Bleeding Hearts: What Secrets Do They Hold Inside Their Blossoms?

By Larry Rettig (LarryR) on August 17, 2010

Perhaps you remember from your own childhood—or that of a friend or relative—the art of making “dolls” wearing gowns fashioned from Hollyhock blossoms. Flower shapes and colors can remind us of real-life objects. Dutchman’s Pipe, Lady’s Slipper Orchid, and Stella d’Oro (Italian for “star of gold”) come to mind. Bleeding Heart (Lamprocapnos spectabilis) belongs to this group as well, but its blossoms are special because they reveal an entire story. This is how it’s told.



s the narrator (in this case the author) begins the story, he holds a Bleeding Heart blossom in the palm of his outstretched hand.  Then he begins:

Long, long ago there lived a noble prince in a far-off land.  He had fallen in love with a beautiful princess and often brought her wonderful gifts from his distant travels.  But alas, the princess was not interested in him or his gifts.

One day the prince returned from an especially long journey with some very special gifts that he was sure would win the princess over.  First he presented her with two magical pink bunnies.  (At this point the narrator peels off the two outer pink petals and sets them on their sides, revealing two little pink bunnies.)  See photos at left below.


The princess gave a sigh of boredom and scarcely looked at the bunnies.  “Ah,” said the prince hopefully, “but I have something else for you.”  He presented her with a pair of dazzling earrings.  (Here the narrator removes the two long white petals and holds them up against the ears of one of the ladies or young girls in the audience.)  See photo at left below.

Again, the princess shunned his gift.  Realizing the futility of his attempts, the prince was utterly heartbroken.  So dark was his mood that he reached down, pulled a dagger from its sheath, and plunged it through his heart.  (At this point the narrator holds up the remaining heart-shaped part of the flower, which has a stamen at its center shaped like a dagger.  For special effect—depending on the audience—the narrator takes the dagger out and plunges it through the flower heart.)  See photo at left below.

The princess was overcome with emotion.  Too late she realized that her coyness had hidden her love for the prince all too well.  “Woe is me!” she sobbed.  “I have wronged my beloved prince.  My heart, too, is broken.  It shall bleed for my prince forever more.”  And her heart still bleeds in this flower today.

A bit gruesome, perhaps, but this is, after all, the story of a bleeding heart.  Discretion, with a bit of editing, is probably a good idea if there are very young children in the audience.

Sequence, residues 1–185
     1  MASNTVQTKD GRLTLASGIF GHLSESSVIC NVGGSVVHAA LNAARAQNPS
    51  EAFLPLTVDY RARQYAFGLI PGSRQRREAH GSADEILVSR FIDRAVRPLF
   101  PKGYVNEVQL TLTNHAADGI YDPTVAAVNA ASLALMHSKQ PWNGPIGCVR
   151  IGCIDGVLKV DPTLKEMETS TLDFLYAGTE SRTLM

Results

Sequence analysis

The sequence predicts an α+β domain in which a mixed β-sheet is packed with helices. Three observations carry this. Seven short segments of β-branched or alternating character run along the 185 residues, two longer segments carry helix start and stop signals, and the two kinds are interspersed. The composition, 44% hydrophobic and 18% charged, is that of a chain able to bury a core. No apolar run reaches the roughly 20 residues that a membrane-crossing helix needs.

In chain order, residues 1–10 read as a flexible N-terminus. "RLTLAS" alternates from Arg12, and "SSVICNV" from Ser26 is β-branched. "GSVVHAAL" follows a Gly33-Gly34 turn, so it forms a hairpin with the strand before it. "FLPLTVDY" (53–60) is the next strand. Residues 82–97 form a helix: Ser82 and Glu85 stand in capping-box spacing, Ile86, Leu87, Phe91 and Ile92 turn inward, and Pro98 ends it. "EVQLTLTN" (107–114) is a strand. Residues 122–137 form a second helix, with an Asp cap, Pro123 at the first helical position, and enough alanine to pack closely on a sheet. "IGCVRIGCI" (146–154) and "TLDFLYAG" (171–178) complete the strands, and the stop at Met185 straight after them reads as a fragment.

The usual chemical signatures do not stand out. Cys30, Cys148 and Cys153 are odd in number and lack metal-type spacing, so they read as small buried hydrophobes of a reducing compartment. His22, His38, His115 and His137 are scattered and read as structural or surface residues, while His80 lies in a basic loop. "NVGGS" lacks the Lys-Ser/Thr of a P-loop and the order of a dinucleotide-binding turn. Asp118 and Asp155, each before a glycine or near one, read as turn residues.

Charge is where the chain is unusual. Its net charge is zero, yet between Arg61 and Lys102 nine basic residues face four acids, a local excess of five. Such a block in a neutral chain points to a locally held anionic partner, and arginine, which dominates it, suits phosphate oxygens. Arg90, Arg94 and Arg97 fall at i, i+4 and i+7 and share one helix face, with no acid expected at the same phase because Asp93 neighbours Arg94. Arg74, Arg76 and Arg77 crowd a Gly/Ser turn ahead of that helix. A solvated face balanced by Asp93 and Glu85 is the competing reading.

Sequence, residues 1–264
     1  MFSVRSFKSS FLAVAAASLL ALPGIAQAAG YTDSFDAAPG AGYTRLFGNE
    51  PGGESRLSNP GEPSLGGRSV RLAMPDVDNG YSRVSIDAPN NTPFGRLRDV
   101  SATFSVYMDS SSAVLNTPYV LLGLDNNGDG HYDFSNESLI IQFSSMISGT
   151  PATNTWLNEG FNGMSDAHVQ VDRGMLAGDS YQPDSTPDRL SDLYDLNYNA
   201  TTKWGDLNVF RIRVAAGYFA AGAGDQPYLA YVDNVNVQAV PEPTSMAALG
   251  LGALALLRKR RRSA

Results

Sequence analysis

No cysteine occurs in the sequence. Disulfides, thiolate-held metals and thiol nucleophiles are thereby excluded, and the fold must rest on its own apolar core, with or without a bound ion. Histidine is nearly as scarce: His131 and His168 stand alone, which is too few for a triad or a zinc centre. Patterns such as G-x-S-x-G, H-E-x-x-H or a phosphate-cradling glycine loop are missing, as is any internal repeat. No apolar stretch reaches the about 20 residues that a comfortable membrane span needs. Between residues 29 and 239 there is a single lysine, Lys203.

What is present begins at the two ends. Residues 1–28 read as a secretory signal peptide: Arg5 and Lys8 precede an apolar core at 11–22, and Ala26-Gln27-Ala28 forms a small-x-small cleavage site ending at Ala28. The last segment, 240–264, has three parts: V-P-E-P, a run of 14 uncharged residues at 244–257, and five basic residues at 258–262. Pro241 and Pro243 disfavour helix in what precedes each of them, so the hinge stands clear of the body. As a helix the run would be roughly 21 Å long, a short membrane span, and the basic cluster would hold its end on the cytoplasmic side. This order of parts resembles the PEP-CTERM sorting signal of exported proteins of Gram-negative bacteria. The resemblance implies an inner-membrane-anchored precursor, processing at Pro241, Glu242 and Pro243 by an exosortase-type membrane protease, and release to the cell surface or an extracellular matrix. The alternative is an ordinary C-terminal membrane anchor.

A Bleeding Heart plant in full bloom has many blossoms, so you can pick several without ruining the show.  If you don’t have your own plant, you can still practice the story, if you’d like to.  In the springtime, just ask any owner of a Bleeding Heart plant for permission to pick a heart and share with that person the mysteries within.

More on Bleeding Hearts*

T he botanical name for Bleeding Hearts was originally Dicentra spectabilisDicentra is a Greek word meaning "two spurs," and spectabilis, from the same language, means "worthy of notice" or "spectacular" (which this plant certainly is!).

Dicentra spectabilis, which also has a white form, is a herbaceous perennial native to Japan and southeast Asia.  There are native North American species as well.  (Click on link and then click on individual species names.)

Bleeding Hearts fare best in light shade and well-drained, fertile soil.  They bloom in April/May and may go dormant where summers are hot.  They are very hardy, growing in zones 2 through 9.

Another Bleeding Heart generally available to gardeners is the Fernleaf Bleeding Heart, of which the most popular at the moment is a cultivar called 'Burning Hearts.'

There is also a Bleeding Heart that vines and blooms with yellow hearts.  To learn more about this vine, click here.
Article and photos © Larry Rettig 2010   


*A word of caution:  According to the extension office of Texas A&M University, the foliage and roots of Bleeding Hearts are toxic when ingested.

Related articles:
Bleeding Hearts, Dicentra, fairy tale, flower stories, Lamprocapnos, perennial plants

About Larry Rettig
"An enthusiastic gardener for over 50 years, my first plant was a potted Ponderosa Lemon tree ordered from a comic book ad at age 15. I still have it, and it’s still bearing lemons! My wife and I garden on 3/4 of an acre, both flowers and vegetables. Our garden, named Cottage-in-the-Meadow Gardens, is private and is listed with the Smithsonian Institution in its Archives of American Gardens. It is also on the National Register of Historic Places. We garden organically and no-till. Our vegetable garden contains a seed bank of vegetables brought to this country from Germany in the mid-1800s by my ancestors. My latest book, Gardening the Amana Way, is available at

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Comments and discussion:
Subject Thread Starter Last Reply Replies
Fascinating Story nap Nov 25, 2010 4:03 PM 12
Toxicity of Dicentra Spectablis. NEILMUIR1 Aug 23, 2010 11:20 AM 10
I love fairy tales... Sharon Aug 17, 2010 11:50 PM 1

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